Does the Franco-Brazilian sneaker brand « Veja » show that another world, that of ethical globalization, is possible?


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Globalization is an unavoidable phenomenon. Year in, year out, it statistically benefits the entire planet. The Human Development Index (HDI) is steadily improving. However, the economic growth driven by this exacerbated phenomenon of trade has a social and environmental price that impacts especially the countries of the South and the most fragile communities in the countries of the North and the South. To date, the homo economicus, often Western, remains a consumer who must provide for his primary and secondary needs, vital and/or comfort, even hedonism. However, like Sacha D, some people try every day to reconcile consumption, ethics and sustainable development. Consumers are actors rather than consumers. Because we cannot conceive of a production/consumption system that neglects people and the environment. This is what has been driving Sébastien Kopp, co-founder of the Veja eco-responsible sneakers brand alongside François-Ghislain Morillion, for 15 years. These two young entrepreneurs have worked through these « official suppliers » of the CAC40 and the major FMNs, HEC and Dauphine. Perhaps it was their first experiences in large companies that made them fully aware that another world is possible. They explain it on the website of the brand they created.

« In 2003, we are 25 years old and we both meet in a Chinese factory to follow a social audit of a major fashion brand. For three days, we sail among the workers, they have a pale complexion and a tired face. But the factory is clean, and the social conditions are quite good. Everything goes well during the audit, until we ask the plant manager to open the doors of the living areas to us. First of all, it is a categorical refusal. We insist, we push, and finally the door opens.

We find ourselves in a 25 square metre room where Chinese workers sleep at 30, in five-storey bunk beds. In the middle of the room, a hole that serves as both a shower and a toilet.
That day, we thought that globalization had gone wrong. We thought that these workers made the clothes we wear every day. That our families and friends wore every day. And we realized there was a real problem.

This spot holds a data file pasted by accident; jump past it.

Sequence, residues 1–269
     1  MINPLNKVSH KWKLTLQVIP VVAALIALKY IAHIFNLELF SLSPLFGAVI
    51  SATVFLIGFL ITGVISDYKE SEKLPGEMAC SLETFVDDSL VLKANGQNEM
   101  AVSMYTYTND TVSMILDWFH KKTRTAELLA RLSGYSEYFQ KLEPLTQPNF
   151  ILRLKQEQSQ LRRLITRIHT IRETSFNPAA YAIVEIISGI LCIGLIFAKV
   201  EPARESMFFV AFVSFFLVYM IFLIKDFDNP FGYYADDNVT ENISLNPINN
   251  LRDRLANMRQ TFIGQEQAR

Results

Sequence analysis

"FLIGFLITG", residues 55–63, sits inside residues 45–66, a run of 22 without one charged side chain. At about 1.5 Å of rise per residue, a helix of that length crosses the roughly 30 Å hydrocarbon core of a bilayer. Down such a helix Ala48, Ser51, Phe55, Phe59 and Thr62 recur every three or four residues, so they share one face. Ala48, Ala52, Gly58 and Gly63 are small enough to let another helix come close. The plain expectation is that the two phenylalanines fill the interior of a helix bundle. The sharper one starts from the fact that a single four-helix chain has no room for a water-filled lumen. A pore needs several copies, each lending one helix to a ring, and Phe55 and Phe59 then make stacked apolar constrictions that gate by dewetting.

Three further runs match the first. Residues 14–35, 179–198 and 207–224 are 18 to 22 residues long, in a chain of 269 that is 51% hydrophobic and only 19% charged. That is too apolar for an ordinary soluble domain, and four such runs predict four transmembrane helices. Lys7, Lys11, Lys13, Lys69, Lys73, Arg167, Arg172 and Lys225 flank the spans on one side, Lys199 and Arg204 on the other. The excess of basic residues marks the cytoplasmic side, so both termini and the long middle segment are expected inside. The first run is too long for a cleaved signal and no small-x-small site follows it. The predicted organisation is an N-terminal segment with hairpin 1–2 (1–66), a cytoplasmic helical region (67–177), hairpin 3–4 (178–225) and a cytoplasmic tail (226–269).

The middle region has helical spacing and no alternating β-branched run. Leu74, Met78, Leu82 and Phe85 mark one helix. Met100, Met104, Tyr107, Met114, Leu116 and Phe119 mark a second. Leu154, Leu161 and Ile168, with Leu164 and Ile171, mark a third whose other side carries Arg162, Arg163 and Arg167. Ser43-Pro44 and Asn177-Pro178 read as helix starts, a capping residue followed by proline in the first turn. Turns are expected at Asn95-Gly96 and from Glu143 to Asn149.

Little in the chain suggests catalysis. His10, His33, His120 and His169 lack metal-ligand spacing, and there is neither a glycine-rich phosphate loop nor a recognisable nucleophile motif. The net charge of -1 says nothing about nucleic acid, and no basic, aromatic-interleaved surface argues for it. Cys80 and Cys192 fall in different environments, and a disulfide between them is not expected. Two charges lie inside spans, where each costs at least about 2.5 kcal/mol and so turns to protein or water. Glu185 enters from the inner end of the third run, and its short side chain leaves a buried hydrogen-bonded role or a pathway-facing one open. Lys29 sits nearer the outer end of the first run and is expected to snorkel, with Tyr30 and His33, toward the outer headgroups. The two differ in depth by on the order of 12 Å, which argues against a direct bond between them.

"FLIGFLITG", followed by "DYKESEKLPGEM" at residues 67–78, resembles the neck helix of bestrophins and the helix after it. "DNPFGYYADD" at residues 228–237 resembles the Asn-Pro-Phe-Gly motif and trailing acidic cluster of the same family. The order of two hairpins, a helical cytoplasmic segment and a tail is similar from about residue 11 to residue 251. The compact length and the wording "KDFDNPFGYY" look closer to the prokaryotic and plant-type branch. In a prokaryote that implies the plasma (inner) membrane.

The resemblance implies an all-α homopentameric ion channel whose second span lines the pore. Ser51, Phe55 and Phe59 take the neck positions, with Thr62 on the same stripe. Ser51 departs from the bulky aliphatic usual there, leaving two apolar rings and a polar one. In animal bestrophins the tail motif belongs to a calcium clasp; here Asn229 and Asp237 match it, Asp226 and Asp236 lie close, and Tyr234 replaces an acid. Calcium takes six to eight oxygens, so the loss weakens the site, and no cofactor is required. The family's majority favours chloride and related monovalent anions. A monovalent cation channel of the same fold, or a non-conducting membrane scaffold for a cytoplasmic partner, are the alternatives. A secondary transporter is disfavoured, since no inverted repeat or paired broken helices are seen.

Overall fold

Another experience as an auditor will confirm their appetite for a different business model. Both will work for Tristan Lecomte, founder of the Alter Eco brand, one of the leading fair trade groups in France. They will thus go to the other end of the production chain, to meet the small people, the small hands that we never see and will thus reposition them at the heart of the process. What produces for others must be able to live with dignity from their production.

This is where the Veja sneaker project was born. Their good knowledge of Brazil quickly enabled them to design a production line, from the raw material (rubber and cotton) to spinning and assembly « 100% Brasileira ». Veja sneakers, shoes that are really eco-friendly?

  • Environmentally friendly production at the heart of the projec
  • Two main sources of materials are needed: rubber and cotton.

The latex, which will give the rubber after the vulcanization process, is here sap from the rubber tree brasiliensis, once endemic to the Amazon. This material made the Manaus region’s fortune before the illegal export of rubber seed to the English colonies in Asia created competition that would be fatal to Brazilian production. Between 1928 and 1934 Henry Ford tried to develop « Fordlandia », a utopian and ephemeral rubber plantation project covering more than 10,000 km² in the State of Para to meet his own elastomer demand. Large-scale monoculture of rubber trees has proved to be environmentally catastrophic, with diseases decimating industrial rubber plans.Veja’s young leaders have opted to buy wild rubber from syringeiros communities (foresters « bleeding » rubber trees to remove precious liquid) who exploit these trees in a traditional way, promoting agroforestry and biodiversity (see photo above)

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They also chose to buy only organic cotton from small family businesses in the Northeast, while a large part of Brazilian cotton is GMO. Organic cotton naturally adapts to the semi-arid climate of the region (see photos below).

Segundo Embrapa, clima seco do semiárido favorece o cultivo. Foto: Tatiana Cardeal/Divulgação (Foto: Tatiana Cardeal/Divulgação)

For these two essential products, the choice was based on environmental but also social motivations. The large farms (latifundios) in the Amazon and the Northeast are

are still all too often places where slave labour is frequent and social conditions are disastrous.

Finally, the final weaving and assembly are done respectively in factories in the suburbs of Sao Paulo and Porto Alegre, places where the trade union tradition has led to significant improvements in working conditions and social benefits for companies. While wages remain lower than in the North, the Veja brand pays wages 30% higher than the Brazilian minimum wage, with 4 weeks of paid holidays and weekends off (op. cit.). The choice of a Brazilian rather than Chinese production necessarily impacts the production cost (18 euros 21 against 5 euros 30, op. cit.), but this choice is voluntary is assumed.

The sneakers are then sent by container ship where they are packed by employees of a social integration centre of Ateliers sans Frontière, supplied with green electricity by Enercoop (op. cit.).

Unfortunately, economic realpolitik does not yet make it possible, as the two leaders agree, to carry out a 100% sustainable development project.

A few more readings on the « Veja » brand

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